RP: Thanks Jorge. Rodrigo, what about you? What has HR been working on?

Rodrigo Ogalde: With the pandemic, we all found ourselves working remotely from one day to the next. All of a sudden, we couldn’t check on our people and simply had to trust them. This caused a major shift in our leadership stance, making us more collaborative and more akin to coaches and facilitators than to traditional managers. Lean helped us a lot in this transition. The HR department also leveraged it to make Elecmetal ready for the new reality of the work: we did this by bringing people together from across the organization, tapping into their synergies and creativity to create a new system that is based on better and smoother interactions. This was the focus of one of our A3s, which generated huge interest in the company – after all, it referred to something we all were experiencing. Taking the lessons we learned during the pandemic, we gathered the opinions of everyone and collectively created new company policies on remote working and flexible working hours.


RP: Thank you, Rodrigo. Matías, tell us about operations.

Matías Bustos: Over the past couple of years, the Operations department has focused on achieving flow (the topic of one of our A3s) to achieve higher levels of productivity with less effort. We know there is only one way to do that: ensuring that the product flows uninterrupted through the value stream. We have also opened an A3 on achieving zero accidents, and we are making progress in that area too, albeit more slowly than we would like.

In our world, change is constant and incredibly fast. We cannot foresee what’s going to happen a few weeks from now and are forced to adapt all the time. One of the most important shifts we have observed in recent years is in our younger workers. They want to be challenged. They want to know that their work matters. The traditional, command-and-control relationship between manager and employee is a thing of the past. Thanks to lean (in particular, hoshin kanri and A3s), we have been able to get ahead of the curve and embrace our people’s demand for transparency and autonomy. As a result, we have seen a dramatic change in team dynamics: people now bring up and solve problems, rather than simply executing solutions spoon-fed to them by their managers.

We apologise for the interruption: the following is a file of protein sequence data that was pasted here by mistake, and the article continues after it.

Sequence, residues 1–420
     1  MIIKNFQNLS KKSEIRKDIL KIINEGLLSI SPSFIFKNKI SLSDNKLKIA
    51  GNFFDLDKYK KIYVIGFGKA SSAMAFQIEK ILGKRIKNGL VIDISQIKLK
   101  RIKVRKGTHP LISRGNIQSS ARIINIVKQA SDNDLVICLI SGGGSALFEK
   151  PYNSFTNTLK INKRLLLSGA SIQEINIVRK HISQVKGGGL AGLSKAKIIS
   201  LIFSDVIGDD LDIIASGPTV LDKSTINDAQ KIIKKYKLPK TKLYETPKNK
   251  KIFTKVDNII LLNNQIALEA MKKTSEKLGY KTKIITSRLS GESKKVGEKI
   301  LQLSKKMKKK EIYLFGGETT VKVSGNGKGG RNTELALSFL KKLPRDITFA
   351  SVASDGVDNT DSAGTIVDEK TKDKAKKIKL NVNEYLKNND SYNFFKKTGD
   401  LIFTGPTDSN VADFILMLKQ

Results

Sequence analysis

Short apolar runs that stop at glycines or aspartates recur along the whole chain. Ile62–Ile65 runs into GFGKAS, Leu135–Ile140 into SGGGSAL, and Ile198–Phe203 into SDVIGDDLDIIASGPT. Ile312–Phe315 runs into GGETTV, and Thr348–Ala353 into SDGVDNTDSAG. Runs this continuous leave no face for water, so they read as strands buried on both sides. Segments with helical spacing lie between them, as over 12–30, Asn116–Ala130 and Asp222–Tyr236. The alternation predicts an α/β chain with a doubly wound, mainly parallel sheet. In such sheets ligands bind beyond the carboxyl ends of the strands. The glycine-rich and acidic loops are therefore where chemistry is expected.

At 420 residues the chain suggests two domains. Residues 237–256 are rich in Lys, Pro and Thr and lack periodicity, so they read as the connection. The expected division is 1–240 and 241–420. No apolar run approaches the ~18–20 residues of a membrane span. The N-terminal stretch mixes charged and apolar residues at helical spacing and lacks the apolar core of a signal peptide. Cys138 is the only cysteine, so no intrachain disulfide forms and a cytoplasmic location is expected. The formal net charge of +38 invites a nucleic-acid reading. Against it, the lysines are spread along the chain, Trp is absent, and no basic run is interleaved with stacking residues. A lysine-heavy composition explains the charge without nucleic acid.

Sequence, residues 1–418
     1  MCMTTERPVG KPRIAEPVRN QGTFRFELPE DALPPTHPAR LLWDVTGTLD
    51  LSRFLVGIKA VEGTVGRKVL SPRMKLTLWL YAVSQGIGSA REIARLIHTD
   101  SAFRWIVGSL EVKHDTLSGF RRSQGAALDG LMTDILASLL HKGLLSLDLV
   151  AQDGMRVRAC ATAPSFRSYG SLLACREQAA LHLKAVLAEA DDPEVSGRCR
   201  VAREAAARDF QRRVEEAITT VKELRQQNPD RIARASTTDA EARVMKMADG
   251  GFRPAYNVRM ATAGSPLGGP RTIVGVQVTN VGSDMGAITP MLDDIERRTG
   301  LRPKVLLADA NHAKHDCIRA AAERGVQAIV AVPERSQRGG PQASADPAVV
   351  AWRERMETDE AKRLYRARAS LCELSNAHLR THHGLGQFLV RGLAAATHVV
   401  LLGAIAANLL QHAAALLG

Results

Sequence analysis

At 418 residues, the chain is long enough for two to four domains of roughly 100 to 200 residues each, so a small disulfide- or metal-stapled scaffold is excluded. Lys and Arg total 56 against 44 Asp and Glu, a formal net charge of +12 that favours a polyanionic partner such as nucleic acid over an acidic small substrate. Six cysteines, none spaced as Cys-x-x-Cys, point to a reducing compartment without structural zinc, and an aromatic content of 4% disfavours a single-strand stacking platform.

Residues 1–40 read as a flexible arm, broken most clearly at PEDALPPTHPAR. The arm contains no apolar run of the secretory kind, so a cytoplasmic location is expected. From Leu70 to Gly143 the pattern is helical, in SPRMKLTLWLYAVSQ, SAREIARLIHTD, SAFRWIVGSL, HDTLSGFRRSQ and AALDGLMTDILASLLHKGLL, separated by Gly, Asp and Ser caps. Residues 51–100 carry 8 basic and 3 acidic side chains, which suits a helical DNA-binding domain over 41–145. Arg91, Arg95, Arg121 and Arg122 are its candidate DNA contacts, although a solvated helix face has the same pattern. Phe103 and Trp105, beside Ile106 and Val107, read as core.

RP: Thank you, Matías. Last but not least, Ivan. What have you been up to in the Sales Department?

Ivan Flores: The most recent A3 our department has opened is on margins, in response to the cost disruptions of the past 12 months and the negative impact they have had on our results. We had two clear stages here: one of reaction, to tackle urgent problems; one (we are in it right now) characterized by reflection and deep discussion in a bid to adapt our strategy to the “new normal”.

There are two other A3s I’d like to talk about, and these have been going on for a while. The first one aims to help our 20-people team in Peru, whom we’ve had since 2014, to develop their market. When we started, they lacked an understanding of their problems and the skills and tools they needed to grow their business on their own. I had to travel there constantly to support them. Then, Covid came! During the pandemic, the A3 was like the glue holding us together, even though our gemba was now virtual. At that time, we realized that our customer network wasn’t as strong as we thought. So, we devised an action plan to systematically improve our way of dealing with the work and with our customers. Thanks to these efforts, our Peruvian team could maintain contistency in their way of working, despite a lot of employee turnover, and this continuity wouldn’t have been possible without lean.

The second A3 has accompanied one of our business areas – crushing – through its transition towards becoming an independent line of sales (it’s always been seen as an appendix of the grinding business, and we had been wanting to help it find its own place in the world for quite some time). We started with the A3 to give the area more autonomy before we made the structural change. When the time came for the formal separation, the leader of the A3 naturally became the leader of the new sales line. We were delighted to see the business double its size in just one year. Lean has made us ready for the change: opening the A3 before the transition began gave us structure.


RP: Listening to you all, it’s easy to see how this team shares the same idea of what’s been happening and where you are headed. As leaders, you all seem to have interiorized Lean Thinking. Were you born lean thinkers, or did you learn to be lean thinkers?